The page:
High technology (or magic) available to characters never seems to trickle down to the populace. In particular, if a villain is in possession of a weapon which would be worth millions to the Pentagon, why would he limit himself to robbing banks with it? This especially applies to one-shot enemies on Speculative Fiction series with amazing inventions that have never been seen before — and are never seen again, unless that villain recurs. One suspect is the short half-life of the necessary Plotonium-186 required to power this type of technology.
- This was the original rationale for changing Lex Luthor from a Mad Scientist to a Corrupt Corporate Executive.
- The villain Bloodsport had a teleporter capable of summoning weapons from a cache. Both the weapons and the teleporter were supplied by the corporate Lex Luthor, who could surely have made a fortune selling this stuff to the military.
- The Four in Planetary are described as having stockpiles of technology like this. Which they intentionally keep to themselves. The Four are also shown to be plotting to sell mankind to alien monsters, then leave their Earth for some other world to conquer. All that ultra-tech would come in pretty handy. Logical, really.
- After they're beaten, the Planetary Group switches from fighting them to distributing all that ultra-tech. Utopia ensues.
- Iron Man once went on a campaign to destroy all the armor suits that he knew were stolen from him or based on his old designs. There are shades of this in Iron Man 2.
- After the registration act, the New Warriors were reformed by members with stolen parts and prototypes of devices used by other Marvel Comics characters. A Doc Octopus harness, Scarlet Spider web-shooters, and a patch work Iron Man were notable, and they operated out of a deserted villain's base. The group did eat up some funds keeping everything working however.
- First lampshaded, then subverted in Starman (DC Comics). When Jack Knight agrees to take on the mantle of Starman, he castigates his father for having had this incredible technology for years, but never doing anything with it except fighting supervillains, and only agrees to be Starman if his father works on the civilian applications. At the end of the series, he delivers. (Though these were undone to fit him into The DCU.)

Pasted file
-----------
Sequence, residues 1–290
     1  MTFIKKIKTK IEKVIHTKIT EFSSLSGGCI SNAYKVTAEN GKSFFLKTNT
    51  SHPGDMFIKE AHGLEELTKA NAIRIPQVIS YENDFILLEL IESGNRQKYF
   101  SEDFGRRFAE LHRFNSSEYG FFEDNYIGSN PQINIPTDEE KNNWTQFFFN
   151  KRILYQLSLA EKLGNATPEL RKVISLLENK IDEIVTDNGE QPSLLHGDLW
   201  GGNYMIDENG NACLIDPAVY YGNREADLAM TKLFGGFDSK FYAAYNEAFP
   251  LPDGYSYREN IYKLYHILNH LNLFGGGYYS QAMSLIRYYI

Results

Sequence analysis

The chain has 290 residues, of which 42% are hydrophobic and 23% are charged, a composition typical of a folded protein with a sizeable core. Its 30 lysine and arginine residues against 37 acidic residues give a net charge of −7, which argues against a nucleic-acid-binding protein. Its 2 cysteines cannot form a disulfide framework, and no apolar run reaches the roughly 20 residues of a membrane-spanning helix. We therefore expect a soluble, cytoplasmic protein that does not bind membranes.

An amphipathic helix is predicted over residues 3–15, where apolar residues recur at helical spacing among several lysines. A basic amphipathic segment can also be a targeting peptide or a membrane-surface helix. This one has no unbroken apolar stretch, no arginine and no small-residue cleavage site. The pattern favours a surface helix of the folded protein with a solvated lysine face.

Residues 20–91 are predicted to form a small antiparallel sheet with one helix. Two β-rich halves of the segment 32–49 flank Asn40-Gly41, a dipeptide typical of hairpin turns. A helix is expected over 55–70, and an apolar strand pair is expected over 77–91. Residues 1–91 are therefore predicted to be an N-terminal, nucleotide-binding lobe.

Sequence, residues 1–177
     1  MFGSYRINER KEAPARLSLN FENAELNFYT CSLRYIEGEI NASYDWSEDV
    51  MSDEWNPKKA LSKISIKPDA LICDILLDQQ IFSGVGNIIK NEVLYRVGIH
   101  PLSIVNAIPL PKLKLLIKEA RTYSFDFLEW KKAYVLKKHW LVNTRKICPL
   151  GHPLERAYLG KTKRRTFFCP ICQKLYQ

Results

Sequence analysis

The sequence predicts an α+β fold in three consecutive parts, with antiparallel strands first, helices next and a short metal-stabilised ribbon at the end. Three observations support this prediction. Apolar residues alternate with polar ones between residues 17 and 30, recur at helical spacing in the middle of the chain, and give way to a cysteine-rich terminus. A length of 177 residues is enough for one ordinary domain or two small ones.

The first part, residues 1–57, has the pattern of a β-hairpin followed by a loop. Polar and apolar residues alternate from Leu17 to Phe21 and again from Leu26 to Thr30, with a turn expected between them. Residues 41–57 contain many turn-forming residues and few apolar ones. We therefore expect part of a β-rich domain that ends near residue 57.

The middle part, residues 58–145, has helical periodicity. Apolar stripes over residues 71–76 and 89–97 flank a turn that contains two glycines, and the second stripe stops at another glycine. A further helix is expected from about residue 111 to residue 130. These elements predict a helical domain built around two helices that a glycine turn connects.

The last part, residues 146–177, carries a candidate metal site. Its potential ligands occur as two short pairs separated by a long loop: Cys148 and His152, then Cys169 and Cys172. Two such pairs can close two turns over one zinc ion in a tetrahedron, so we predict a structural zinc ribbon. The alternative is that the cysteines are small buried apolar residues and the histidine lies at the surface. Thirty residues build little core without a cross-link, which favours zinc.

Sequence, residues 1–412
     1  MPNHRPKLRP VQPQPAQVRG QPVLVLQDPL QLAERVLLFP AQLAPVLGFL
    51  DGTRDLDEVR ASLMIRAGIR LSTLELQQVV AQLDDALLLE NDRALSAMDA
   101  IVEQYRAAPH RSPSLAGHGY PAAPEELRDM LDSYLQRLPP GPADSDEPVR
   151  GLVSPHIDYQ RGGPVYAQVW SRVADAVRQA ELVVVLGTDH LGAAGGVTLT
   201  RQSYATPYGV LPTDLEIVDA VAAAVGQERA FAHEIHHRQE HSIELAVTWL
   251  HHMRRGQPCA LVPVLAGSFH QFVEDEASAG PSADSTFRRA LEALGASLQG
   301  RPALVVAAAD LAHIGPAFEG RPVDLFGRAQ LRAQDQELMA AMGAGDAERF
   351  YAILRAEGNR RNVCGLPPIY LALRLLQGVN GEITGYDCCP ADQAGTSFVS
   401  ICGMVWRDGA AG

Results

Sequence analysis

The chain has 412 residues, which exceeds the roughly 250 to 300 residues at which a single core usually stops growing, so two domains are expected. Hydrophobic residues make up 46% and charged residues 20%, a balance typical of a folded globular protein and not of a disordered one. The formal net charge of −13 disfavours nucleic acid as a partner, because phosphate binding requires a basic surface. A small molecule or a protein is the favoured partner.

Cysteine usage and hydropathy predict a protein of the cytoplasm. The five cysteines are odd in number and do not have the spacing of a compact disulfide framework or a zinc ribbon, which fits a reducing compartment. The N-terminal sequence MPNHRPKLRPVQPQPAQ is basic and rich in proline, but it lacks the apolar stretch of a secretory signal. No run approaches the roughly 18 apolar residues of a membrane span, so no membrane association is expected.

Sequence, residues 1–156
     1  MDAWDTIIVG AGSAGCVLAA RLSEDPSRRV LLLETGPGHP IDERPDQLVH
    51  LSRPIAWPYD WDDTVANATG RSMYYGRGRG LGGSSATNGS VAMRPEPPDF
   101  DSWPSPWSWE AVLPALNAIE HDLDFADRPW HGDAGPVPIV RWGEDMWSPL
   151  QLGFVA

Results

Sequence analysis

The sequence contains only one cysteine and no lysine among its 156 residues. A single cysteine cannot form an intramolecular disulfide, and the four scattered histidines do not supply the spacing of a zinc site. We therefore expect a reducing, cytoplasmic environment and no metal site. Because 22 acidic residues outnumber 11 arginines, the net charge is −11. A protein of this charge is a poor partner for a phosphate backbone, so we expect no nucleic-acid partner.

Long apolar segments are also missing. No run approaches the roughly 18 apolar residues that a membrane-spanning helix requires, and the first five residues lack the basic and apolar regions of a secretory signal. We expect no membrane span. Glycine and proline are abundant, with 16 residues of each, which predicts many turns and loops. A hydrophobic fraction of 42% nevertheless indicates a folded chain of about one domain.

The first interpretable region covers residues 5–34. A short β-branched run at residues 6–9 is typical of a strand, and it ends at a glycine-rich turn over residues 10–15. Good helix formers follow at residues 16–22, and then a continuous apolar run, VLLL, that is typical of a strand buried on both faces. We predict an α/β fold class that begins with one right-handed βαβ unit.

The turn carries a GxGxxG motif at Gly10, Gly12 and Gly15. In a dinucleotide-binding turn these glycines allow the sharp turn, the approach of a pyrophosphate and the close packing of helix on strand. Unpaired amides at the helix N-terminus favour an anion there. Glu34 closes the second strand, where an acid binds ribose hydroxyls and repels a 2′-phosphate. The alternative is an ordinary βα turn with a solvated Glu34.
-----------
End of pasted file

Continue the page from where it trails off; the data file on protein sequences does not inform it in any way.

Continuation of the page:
- Spider-Man — or rather, Peter Parker — has subverted this a few times in recent years. On multiple occasions, he has extended a helping hand to technically skilled villains and hooked them up with jobs that make legitimate use of their talents and devices. The results have been mixed, though. The foremost example of this, Clash, broke bad again after the grind of working at Parker Industries got too frustrating.
- In The Incredibles, the last stage of Syndrome's plan was to release his technology to the public and complete his image as the last super, but the heroes stopped him before he could set himself up as one.
- Subverted with Spider-Man: Homecoming, which directly addresses the fallout of The Avengers (2012) and how there might be some consequences of an Alien Invasion occurring in a city as populated as New York. Specifically, the Vulture and his gang were originally just a mundane cleanup crew arranged to rid of all the crazy alien tech, but once they were unceremoniously sacked, they began secretly "scavenging" the technology, passing it along the black market, and committing even greater robberies for more advanced tech from the Avengers.
- Justified in the Wild Cards series, wherein some examples of amazingly advanced technology appear to exist (independently of things brought by genuinely more advanced aliens); however, it turns out that the ability to build such machines is among the powers granted to some by the Wild Card virus. Most such devices will only work for the Aces who build them — they're not really working machines, but a form of Magic Feather — while the exceptions can't be reproduced by engineers whose brains haven't been rewired by an alien genetic weapon.
- The Master Ball in Pokémon is able to catch any Pokemon without fail, and yet there are usually only one or two available in any given game. Pokémon Red and Blue justified this by referring to the Master Ball as an unreleased prototype, but there's no explanation why they haven't been mass-produced by the time of the later games.